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Slowing fastest finger movements of the dominant hand with low-frequency rTMS of the hand area of the primary motor cortex


Jäncke, L; et al (2004). Slowing fastest finger movements of the dominant hand with low-frequency rTMS of the hand area of the primary motor cortex. Experimental Brain Research, 155(2):196-203.

Abstract

Neuroimaging studies suggest that the primary hand motor area and the cerebellum play a pivotal role in the control of finger tapping, but their differential contribution in this task is unknown. We used therefore repetitive transcranial magnetic stimulation (rTMS) in its virtual lesion mode (1Hz, 10min, 90% of motor threshold) to study the effects of transient disruption of the right lateral cerebellum (CB), the left primary hand motor area (M1), and the right brachial plexus (PL, control site) on various finger tapping tasks (paced finger tapping task: PFT; tapping with maximum speed: TAPMAX, and tapping with convenient speed: TAPCON) in healthy right-handed subjects. RTMS of the left M1 slowed finger tapping speed of the right hand in the TAPMAX task. This effect eliminated the right hand superiority in the TAPMAX task. In addition, rTMS of the left M1 resulted in slower tapping speeds for both hands during TAPCON. There were no other effects of rTMS on tapping speed or tapping variability. Findings indicate that M1 is essential for generating fastest finger movements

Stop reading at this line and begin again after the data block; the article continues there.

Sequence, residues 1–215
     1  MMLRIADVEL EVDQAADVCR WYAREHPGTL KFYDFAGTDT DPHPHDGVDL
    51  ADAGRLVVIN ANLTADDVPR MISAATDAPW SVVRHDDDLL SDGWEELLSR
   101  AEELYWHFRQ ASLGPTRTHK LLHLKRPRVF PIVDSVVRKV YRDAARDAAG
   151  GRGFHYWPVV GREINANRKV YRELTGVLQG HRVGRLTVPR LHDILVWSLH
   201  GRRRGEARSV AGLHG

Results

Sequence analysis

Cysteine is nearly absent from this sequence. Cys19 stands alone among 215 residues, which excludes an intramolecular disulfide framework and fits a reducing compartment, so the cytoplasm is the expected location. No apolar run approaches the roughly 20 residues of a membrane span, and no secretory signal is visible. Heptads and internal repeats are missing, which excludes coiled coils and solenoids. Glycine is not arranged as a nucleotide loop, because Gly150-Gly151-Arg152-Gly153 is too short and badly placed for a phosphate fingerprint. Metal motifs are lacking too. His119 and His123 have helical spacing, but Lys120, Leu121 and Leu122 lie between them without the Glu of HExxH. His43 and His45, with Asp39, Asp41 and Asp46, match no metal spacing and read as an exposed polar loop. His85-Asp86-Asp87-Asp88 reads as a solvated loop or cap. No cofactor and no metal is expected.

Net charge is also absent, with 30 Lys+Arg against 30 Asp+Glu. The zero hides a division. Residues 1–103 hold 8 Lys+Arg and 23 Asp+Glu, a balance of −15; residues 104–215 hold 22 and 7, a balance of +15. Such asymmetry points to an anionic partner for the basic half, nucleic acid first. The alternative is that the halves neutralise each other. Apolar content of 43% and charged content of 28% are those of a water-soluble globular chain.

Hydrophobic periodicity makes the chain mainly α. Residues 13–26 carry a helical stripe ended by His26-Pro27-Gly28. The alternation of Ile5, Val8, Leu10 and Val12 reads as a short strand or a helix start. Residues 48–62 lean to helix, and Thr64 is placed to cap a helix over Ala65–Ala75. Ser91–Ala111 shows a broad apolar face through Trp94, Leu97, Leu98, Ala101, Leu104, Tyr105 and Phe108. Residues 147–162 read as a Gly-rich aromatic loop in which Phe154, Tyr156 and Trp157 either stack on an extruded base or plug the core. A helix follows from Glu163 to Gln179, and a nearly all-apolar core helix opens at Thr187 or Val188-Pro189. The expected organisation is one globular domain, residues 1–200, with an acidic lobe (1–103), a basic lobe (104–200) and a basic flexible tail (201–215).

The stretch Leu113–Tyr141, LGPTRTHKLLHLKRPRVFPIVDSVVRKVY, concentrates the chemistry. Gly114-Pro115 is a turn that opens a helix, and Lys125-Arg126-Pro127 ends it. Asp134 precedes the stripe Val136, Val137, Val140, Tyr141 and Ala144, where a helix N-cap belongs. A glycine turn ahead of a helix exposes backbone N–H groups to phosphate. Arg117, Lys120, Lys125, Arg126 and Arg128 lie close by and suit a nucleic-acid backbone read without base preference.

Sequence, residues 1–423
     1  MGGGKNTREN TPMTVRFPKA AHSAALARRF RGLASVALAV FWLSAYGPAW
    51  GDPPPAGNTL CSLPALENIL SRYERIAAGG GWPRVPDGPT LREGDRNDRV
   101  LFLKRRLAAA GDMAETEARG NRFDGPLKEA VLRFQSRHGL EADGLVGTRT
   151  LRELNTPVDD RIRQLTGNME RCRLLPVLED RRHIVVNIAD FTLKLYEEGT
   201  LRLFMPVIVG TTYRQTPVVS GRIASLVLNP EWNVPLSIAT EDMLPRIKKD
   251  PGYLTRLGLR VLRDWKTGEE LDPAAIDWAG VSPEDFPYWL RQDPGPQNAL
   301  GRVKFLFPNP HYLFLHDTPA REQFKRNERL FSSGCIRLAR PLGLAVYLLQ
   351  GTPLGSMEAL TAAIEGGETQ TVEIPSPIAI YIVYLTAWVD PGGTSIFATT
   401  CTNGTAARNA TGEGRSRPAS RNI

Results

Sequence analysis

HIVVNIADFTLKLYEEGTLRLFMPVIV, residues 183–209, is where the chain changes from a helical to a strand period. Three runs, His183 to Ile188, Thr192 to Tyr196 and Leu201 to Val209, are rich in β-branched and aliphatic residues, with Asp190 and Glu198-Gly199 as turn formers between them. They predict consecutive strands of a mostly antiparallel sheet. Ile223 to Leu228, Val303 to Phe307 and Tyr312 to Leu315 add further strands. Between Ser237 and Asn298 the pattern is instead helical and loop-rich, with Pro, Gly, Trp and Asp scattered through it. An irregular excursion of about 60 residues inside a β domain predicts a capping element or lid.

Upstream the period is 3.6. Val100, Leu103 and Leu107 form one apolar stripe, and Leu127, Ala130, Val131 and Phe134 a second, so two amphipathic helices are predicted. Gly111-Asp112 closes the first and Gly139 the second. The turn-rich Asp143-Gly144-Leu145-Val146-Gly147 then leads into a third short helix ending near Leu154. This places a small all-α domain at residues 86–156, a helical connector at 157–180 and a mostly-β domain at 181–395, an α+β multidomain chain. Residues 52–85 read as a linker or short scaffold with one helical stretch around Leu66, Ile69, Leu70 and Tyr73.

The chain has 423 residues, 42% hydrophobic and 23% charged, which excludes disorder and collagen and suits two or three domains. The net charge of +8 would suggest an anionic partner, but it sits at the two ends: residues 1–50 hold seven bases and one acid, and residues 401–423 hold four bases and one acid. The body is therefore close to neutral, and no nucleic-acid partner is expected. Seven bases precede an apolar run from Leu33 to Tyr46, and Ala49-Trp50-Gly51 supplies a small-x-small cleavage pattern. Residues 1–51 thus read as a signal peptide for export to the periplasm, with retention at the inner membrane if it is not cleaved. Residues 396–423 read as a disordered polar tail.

Abstract

Neuroimaging studies suggest that the primary hand motor area and the cerebellum play a pivotal role in the control of finger tapping, but their differential contribution in this task is unknown. We used therefore repetitive transcranial magnetic stimulation (rTMS) in its virtual lesion mode (1Hz, 10min, 90% of motor threshold) to study the effects of transient disruption of the right lateral cerebellum (CB), the left primary hand motor area (M1), and the right brachial plexus (PL, control site) on various finger tapping tasks (paced finger tapping task: PFT; tapping with maximum speed: TAPMAX, and tapping with convenient speed: TAPCON) in healthy right-handed subjects. RTMS of the left M1 slowed finger tapping speed of the right hand in the TAPMAX task. This effect eliminated the right hand superiority in the TAPMAX task. In addition, rTMS of the left M1 resulted in slower tapping speeds for both hands during TAPCON. There were no other effects of rTMS on tapping speed or tapping variability. Findings indicate that M1 is essential for generating fastest finger movements

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Additional indexing

Item Type:Journal Article, refereed, original work
Communities & Collections:National licences > 142-005
Dewey Decimal Classification:150 Psychology
Scopus Subject Areas:Life Sciences > General Neuroscience
Language:English
Date:1 March 2004
Deposited On:19 Oct 2018 08:43
Last Modified:15 Apr 2021 14:53
Publisher:Springer
ISSN:0014-4819
OA Status:Green
Publisher DOI:https://doi.org/10.1007/s00221-003-1719-7

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